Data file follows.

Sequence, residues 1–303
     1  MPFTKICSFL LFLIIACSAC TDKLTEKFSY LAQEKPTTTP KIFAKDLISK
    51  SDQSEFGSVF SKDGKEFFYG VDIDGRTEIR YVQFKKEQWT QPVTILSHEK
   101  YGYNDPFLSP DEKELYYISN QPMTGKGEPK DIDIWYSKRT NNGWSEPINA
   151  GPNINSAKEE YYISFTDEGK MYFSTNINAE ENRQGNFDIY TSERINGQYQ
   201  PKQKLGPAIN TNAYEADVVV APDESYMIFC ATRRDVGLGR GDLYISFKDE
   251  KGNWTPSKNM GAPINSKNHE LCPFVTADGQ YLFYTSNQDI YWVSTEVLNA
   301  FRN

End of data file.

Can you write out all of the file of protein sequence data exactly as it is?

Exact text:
Sequence, residues 1–303
     1  MPFTKICSFL LFLIIACSAC TDKLTEKFSY LAQEKPTTTP KIFAKDLISK
    51  SDQSEFGSVF SKDGKEFFYG VDIDGRTEIR YVQFKKEQWT QPVTILSHEK
   101  YGYNDPFLSP DEKELYYISN QPMTGKGEPK DIDIWYSKRT NNGWSEPINA
   151  GPNINSAKEE YYISFTDEGK MYFSTNINAE ENRQGNFDIY TSERINGQYQ
   201  PKQKLGPAIN TNAYEADVVV APDESYMIFC ATRRDVGLGR GDLYISFKDE
   251  KGNWTPSKNM GAPINSKNHE LCPFVTADGQ YLFYTSNQDI YWVSTEVLNA
   301  FRN